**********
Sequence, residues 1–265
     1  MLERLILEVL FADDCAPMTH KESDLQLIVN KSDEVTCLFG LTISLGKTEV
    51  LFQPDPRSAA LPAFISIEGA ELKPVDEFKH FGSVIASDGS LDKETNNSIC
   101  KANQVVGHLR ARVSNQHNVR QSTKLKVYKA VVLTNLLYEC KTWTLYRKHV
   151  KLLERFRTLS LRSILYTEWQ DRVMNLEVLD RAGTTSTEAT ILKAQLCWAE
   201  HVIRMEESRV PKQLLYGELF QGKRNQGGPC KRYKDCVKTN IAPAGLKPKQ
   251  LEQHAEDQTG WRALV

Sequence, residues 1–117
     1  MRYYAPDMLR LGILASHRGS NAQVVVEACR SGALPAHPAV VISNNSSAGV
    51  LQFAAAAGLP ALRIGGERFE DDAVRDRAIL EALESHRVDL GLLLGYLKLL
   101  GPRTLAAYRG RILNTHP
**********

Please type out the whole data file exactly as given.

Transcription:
Sequence, residues 1–265
     1  MLERLILEVL FADDCAPMTH KESDLQLIVN KSDEVTCLFG LTISLGKTEV
    51  LFQPDPRSAA LPAFISIEGA ELKPVDEFKH FGSVIASDGS LDKETNNSIC
   101  KANQVVGHLR ARVSNQHNVR QSTKLKVYKA VVLTNLLYEC KTWTLYRKHV
   151  KLLERFRTLS LRSILYTEWQ DRVMNLEVLD RAGTTSTEAT ILKAQLCWAE
   201  HVIRMEESRV PKQLLYGELF QGKRNQGGPC KRYKDCVKTN IAPAGLKPKQ
   251  LEQHAEDQTG WRALV

Sequence, residues 1–117
     1  MRYYAPDMLR LGILASHRGS NAQVVVEACR SGALPAHPAV VISNNSSAGV
    51  LQFAAAAGLP ALRIGGERFE DDAVRDRAIL EALESHRVDL GLLLGYLKLL
   101  GPRTLAAYRG RILNTHP